Three Critical Steps to Achieving a Solid Data Protection Program

Three Critical Steps to Achieving a Solid Data Protection Program

Chief information security officers (CISOs) are quickly adapting to the changing requirements associated with regulations like Europe’s General Data Protection Regulation (GDPR) and the California Privacy Rights Act (CPRA), with states like Texas, Maine, and Nevada following close behind with their own rules. Creating an effective data protection program is a priority for national and global enterprises.

Trying to keep up with individual state rules or treat clients according to the data regulatory compliance for their location can be a messy approach, so enterprises must adopt a new way of thinking about data protection. That change begins with a cultural shift that focuses not on being the owners of any particular set of data, but, instead, on being the custodians of data and determining how best to protect it.

Further complicating plans for protecting data is the sudden removal to remote work because of COVID-19, and the more complex security plane that geographically-dispersed remote teams have introduced.

Any solid data protection program will have the following three elements included:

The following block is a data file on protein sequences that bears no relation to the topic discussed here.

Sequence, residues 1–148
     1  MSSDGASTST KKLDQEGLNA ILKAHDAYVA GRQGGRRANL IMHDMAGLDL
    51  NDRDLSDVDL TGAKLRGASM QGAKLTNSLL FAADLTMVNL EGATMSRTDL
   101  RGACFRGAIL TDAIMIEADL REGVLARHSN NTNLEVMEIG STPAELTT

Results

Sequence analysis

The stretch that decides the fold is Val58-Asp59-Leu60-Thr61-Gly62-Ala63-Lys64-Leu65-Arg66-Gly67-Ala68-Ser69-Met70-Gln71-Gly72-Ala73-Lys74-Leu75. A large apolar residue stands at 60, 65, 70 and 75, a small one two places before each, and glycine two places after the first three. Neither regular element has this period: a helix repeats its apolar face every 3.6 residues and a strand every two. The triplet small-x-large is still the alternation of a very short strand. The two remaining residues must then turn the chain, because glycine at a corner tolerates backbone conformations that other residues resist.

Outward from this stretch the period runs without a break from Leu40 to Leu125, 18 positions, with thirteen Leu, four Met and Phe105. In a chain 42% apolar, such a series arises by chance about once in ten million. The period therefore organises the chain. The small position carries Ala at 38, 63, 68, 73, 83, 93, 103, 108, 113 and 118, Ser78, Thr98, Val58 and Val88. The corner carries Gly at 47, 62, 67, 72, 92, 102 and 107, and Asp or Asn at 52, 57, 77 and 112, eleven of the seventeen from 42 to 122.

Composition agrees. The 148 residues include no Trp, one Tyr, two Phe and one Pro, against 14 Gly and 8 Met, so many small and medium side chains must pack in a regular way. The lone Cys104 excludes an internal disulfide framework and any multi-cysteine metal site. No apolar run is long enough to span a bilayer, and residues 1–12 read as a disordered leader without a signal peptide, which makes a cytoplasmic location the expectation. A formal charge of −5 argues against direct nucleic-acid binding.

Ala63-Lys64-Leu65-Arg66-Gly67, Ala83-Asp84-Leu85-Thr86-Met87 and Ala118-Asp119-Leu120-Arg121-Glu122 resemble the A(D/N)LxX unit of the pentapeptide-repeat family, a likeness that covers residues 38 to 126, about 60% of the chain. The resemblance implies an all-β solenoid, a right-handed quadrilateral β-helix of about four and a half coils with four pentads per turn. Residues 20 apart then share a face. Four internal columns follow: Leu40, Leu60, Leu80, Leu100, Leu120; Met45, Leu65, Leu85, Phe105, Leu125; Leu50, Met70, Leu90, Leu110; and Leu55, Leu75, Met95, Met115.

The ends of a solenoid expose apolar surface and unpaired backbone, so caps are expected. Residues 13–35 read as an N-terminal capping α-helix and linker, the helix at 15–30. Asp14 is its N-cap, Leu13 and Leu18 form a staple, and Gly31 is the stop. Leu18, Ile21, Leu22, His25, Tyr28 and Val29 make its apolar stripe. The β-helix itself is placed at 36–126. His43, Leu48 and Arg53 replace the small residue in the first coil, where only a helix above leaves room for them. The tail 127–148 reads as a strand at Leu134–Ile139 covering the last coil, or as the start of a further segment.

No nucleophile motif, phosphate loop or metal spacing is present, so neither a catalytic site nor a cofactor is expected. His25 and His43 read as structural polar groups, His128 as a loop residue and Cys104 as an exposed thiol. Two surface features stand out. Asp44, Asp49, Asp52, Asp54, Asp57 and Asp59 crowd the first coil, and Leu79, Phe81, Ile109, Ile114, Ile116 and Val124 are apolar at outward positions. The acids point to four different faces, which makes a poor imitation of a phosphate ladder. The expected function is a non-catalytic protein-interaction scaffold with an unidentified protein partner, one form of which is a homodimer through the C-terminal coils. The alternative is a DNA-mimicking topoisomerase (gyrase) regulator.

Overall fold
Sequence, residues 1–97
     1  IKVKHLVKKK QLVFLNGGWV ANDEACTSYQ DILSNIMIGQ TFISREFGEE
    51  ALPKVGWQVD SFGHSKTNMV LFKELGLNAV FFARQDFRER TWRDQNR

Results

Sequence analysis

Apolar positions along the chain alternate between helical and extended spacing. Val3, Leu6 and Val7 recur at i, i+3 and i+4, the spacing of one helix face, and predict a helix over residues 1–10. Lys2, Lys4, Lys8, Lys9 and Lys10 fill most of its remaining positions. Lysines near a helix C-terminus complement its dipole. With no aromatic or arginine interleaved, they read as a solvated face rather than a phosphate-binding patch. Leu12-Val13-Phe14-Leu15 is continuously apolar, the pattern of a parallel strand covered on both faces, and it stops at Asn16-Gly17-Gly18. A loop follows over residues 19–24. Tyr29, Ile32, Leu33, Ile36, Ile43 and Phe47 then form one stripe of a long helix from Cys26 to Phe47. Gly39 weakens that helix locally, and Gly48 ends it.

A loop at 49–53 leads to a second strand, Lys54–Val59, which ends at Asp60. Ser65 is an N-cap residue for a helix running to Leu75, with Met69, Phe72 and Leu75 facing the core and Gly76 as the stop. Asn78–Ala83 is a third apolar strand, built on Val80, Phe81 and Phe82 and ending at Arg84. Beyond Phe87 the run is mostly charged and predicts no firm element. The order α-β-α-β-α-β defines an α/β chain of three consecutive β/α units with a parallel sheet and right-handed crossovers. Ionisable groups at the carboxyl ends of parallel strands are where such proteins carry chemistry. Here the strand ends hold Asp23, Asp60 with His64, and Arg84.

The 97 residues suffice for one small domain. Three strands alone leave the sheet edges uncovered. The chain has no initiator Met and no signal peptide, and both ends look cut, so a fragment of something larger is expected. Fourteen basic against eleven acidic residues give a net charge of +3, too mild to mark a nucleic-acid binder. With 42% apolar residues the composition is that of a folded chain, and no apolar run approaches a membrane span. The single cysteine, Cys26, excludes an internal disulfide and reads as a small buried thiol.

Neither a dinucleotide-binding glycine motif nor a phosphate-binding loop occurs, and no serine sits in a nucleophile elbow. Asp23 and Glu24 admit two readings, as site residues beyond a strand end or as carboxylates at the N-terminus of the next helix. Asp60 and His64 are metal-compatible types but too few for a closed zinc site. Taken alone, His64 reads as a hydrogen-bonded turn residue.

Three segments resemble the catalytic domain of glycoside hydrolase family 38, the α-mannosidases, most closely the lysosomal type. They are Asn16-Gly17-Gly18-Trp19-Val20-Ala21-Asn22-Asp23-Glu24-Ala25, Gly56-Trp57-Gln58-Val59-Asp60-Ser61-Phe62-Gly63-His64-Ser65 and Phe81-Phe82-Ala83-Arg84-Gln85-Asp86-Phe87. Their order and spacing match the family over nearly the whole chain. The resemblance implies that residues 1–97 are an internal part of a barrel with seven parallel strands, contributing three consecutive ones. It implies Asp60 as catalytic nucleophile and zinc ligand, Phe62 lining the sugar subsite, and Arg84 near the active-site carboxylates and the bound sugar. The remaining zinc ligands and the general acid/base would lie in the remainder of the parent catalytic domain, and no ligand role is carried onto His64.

Data Mapping: CISOs must begin by involving both members of the IT department and line-of-business managers in an extensive data mapping exercise. Knowing how data moves across your organization will help you determine what protections need to be in place to hold to what can be thought of as a sort of lowest-common-denominator type of thinking for data security.

Embracing Least Privilege: One effective way to ensure that data is protected as it moves across the organization is with a “least privilege” approach. This looks at data and roles, erring on the side of less access to data and systems rather than more. It is important that this step be addressed in partnership between security teams and line-of-business managers. In order to get buy-in for a least privilege approach, it helps if it isn’t simply mandated by the security team.

Encryption: CISOs often get pushback on encryption technology because it can be expensive and there are some challenges in determining how the data must be encrypted or how key management is to be handled. Many of the regulations don’t spell this part of their compliance out, and it is left to the enterprise to determine the best path. Encryption, along with tokenization and anonymization, can ensure that if malicious actors gain access to the system, the data they mine will be useless to them.

If an enterprise determines that using a third-party provider is a good solution to their security concerns around regulatory compliance issues, it is important that they don’t consider this a hands-off solution. It’s also necessary for CISOs to stay involved with other cloud solution providers and determine whether security policies align well with their enterprise data protection program.Is your organization considering a comprehensive approach to your data protection program? can help. From helping you create the right approach and developing buy-in to ensuring each set of data is mapped and protected, we can help you meet your compliance requirements. Contact us to learn more.